The play’s most powerful device, used again and again without seeming old, is the simple statement of an atrocity. It is a kind of alienation that Brechtian manipulation can never accomplish. Hooda, an older expat living in London, is a pacifist who is for the war because Saddam ruined her country and “this war it was personal.” She tells us of her time in prison before fleeing Iraq. “They get to you by torturing those around you,” she tells us, and describes how a man was forced to listen to a tape of his wife being raped while their 3-month-old baby was placed in a bag with hungry cats. Layal, the artist, describes how her friend was taken by Uday, stripped naked, covered in honey, and fed to his dogs. This is what their lives are like, and in that matter-of-fact tone we are made to understand that we cannot possibly know what it is like to experience that.
The only moments that didn’t really work for me were at the end, where I felt like the sound levels were such that I couldn’t make out the text, and the moment where Layal smashes her supplies. In the latter, the transition is so abrupt that I couldn’t really make out why she snapped then. In the former, I was mostly disappointed because that is the moment in which everything is tied together before the denouement. All of the lines from the play come back through the tongue of Mulaya, the mourner. Nanna, the street seller, complains: “I have too much existence. Our history is finish.” Amal the Bedouin loves “with her heart, not with her eyes.” It’s a goldmine for drawing the piece together as a collective outcry against this existence, this injustice, and this horror that face these women, and it felt rushed and hard to decipher.
But no performance is perfect, and the positives in 9 Parts of Desire far outweigh the negatives. Marnò’s face is chameleonlike — she has a real gift for transformation, much like Sarah Jones. A program note that I read afterwards noted that the way in which a woman wears her abaya, her robe, tells us much about her class and her politics. It’s a simple signifier that allows the actress to physicalize her relationship to her politics, differentiate characters, and build a visual vocabulary, constrained by a single garment.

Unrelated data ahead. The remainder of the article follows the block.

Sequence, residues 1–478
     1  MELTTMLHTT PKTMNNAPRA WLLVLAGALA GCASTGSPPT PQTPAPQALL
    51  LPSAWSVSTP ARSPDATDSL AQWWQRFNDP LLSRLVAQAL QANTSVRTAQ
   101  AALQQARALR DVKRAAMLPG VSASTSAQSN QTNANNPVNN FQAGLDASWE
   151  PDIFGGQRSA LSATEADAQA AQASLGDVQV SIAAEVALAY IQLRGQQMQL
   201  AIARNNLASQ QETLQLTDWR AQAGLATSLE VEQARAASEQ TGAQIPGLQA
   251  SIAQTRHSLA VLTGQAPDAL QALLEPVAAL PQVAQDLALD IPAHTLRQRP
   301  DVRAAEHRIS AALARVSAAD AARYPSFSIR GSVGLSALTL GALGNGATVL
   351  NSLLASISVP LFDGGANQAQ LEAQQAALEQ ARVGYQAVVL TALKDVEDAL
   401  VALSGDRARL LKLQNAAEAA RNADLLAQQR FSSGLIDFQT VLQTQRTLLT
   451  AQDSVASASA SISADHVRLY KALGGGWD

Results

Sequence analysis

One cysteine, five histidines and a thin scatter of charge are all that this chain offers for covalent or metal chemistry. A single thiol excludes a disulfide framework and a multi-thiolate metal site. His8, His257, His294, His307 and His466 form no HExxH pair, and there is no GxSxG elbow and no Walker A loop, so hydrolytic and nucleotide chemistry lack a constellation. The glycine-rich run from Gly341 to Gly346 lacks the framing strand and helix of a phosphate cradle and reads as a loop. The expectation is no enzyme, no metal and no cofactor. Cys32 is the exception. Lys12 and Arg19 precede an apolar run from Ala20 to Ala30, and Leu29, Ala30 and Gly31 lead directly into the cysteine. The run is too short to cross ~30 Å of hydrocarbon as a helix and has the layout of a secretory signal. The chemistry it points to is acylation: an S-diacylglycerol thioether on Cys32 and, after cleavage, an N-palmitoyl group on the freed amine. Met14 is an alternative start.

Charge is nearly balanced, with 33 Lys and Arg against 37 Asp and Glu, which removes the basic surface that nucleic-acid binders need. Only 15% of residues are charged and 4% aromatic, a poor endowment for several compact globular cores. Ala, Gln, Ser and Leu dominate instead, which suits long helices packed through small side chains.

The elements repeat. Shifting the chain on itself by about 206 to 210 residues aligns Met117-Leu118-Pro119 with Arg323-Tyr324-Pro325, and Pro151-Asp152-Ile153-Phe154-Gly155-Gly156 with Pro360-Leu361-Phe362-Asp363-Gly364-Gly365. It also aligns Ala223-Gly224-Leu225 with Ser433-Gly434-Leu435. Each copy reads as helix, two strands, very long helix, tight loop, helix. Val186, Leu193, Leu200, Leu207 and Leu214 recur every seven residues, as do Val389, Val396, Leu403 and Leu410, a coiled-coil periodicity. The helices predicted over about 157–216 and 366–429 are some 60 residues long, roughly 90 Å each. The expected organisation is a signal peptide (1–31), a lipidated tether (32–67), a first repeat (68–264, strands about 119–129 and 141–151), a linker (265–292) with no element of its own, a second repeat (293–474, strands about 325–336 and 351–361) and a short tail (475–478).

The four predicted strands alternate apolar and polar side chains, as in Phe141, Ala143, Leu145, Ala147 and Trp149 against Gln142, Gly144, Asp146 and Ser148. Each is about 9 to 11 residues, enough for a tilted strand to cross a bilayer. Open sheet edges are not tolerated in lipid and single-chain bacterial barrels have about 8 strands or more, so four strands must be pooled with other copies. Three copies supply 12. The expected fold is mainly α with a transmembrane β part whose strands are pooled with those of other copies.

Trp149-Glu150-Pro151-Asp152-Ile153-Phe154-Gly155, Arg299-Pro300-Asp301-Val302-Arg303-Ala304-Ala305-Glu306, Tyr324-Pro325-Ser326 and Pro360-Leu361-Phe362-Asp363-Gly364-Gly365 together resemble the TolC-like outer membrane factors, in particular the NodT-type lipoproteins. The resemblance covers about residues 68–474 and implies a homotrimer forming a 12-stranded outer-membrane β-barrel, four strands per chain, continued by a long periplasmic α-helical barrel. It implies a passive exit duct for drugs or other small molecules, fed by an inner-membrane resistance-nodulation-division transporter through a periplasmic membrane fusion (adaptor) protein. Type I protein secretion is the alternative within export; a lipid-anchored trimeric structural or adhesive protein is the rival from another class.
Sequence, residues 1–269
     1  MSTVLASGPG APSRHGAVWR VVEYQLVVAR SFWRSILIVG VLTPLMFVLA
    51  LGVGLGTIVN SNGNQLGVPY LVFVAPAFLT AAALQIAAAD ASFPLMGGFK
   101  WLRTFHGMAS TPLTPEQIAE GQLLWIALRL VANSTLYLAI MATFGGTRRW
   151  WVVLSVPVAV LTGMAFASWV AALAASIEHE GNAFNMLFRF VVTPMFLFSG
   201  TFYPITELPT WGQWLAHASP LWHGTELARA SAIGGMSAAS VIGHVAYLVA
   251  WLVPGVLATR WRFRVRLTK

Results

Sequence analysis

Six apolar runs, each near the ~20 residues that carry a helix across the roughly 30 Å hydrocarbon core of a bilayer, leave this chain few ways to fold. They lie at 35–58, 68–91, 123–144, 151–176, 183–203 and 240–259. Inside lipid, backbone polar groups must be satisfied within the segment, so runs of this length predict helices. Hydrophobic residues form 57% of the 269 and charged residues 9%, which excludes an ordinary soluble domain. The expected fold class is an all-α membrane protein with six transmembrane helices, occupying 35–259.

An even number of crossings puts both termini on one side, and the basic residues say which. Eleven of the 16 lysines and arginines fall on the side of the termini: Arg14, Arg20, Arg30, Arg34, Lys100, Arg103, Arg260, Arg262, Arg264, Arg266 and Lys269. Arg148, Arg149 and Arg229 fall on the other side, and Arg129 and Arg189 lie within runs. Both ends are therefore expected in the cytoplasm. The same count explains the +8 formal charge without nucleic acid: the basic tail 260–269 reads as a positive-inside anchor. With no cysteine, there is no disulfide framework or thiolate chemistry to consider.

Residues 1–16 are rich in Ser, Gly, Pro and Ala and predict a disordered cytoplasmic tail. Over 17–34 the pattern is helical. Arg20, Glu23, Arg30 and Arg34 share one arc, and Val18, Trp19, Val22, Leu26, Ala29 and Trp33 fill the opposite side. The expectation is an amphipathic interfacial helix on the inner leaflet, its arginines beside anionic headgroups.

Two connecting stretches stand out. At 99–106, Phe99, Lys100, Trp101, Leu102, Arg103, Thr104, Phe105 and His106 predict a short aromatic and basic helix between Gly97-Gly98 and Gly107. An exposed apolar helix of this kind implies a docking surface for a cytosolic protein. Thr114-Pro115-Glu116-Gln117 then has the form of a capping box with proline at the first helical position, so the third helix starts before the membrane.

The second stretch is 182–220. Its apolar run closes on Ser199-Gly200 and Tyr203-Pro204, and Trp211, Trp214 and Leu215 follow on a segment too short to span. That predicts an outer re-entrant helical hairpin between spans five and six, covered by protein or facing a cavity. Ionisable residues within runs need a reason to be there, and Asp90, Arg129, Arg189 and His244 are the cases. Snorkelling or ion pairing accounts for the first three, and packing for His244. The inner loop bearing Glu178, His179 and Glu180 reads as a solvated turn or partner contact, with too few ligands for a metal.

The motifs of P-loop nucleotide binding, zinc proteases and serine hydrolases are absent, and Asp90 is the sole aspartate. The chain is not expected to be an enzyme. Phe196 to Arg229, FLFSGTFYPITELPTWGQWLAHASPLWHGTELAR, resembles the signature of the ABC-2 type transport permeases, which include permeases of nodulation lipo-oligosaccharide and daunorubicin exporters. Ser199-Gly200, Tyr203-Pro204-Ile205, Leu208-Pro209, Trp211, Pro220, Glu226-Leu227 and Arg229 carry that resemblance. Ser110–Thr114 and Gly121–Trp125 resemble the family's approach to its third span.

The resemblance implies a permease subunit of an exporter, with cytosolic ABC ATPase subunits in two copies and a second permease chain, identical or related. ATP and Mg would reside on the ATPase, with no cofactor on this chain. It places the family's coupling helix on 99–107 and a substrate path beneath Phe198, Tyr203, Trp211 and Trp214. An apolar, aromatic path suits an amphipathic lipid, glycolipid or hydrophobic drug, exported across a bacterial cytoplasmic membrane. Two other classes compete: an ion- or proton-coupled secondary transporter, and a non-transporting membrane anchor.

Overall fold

Unfortunately, the show closes this weekend (to make way for Culture Clash’s Zorro In Hell, which I am really excited about). But if it comes your way, definitely watch it. It changed my friend’s view of solo performance, and it may change yours.
This morning I saw two of the three characters that often haunt the North Side. Allison wasn’t around yet, but the Conversationalist was having a conversation with himself about the Berkeley Daily Planet, or maybe it was a conversation with the Berkeley Daily Planet. It’s kind of hard to tell with him. The nice thing is that the one side of his conversations are way more interesting than any overheard cellphone call.
Outside Soda Hall, however, I saw three cops arresting Angry Man — he was handcuffed and being pushed towards one of the three cop cars that the UC Police decided were necessary for apprehending him. The campus police here take their role as The Man quite seriously here, so I wasn’t entirely surprised, but even to me it seemed a bit excessive. Angry Man was pretty passive the whole time, although he wasn’t willing to walk to the car and had to be dragged. The whole thing was a little surreal to me, considering my lack of sleep. I wonder how long it will be before he comes back.
The heat is off in my building to save money during break, which makes it a little difficult to type and work. I’m reminded by my piano teacher‘s story of buying fingerless gloves to practice in unheated practice rooms. Berkeley’s attitude towards cutting costs and saving money remind me of a scaled-up version of household economizing. While it’s effective keeping expenses down at home, I’m surprised that cutting corners like this saves as much on the institutional level.
In other news, apparently we use loud mixtapes of Lil’ Kim, RATM, and Eminem to shake up prisoners at Guantanamo before interrogating them. I’m speechless. Of course, there’s other more serious stuff in the article too, which is more disturbing.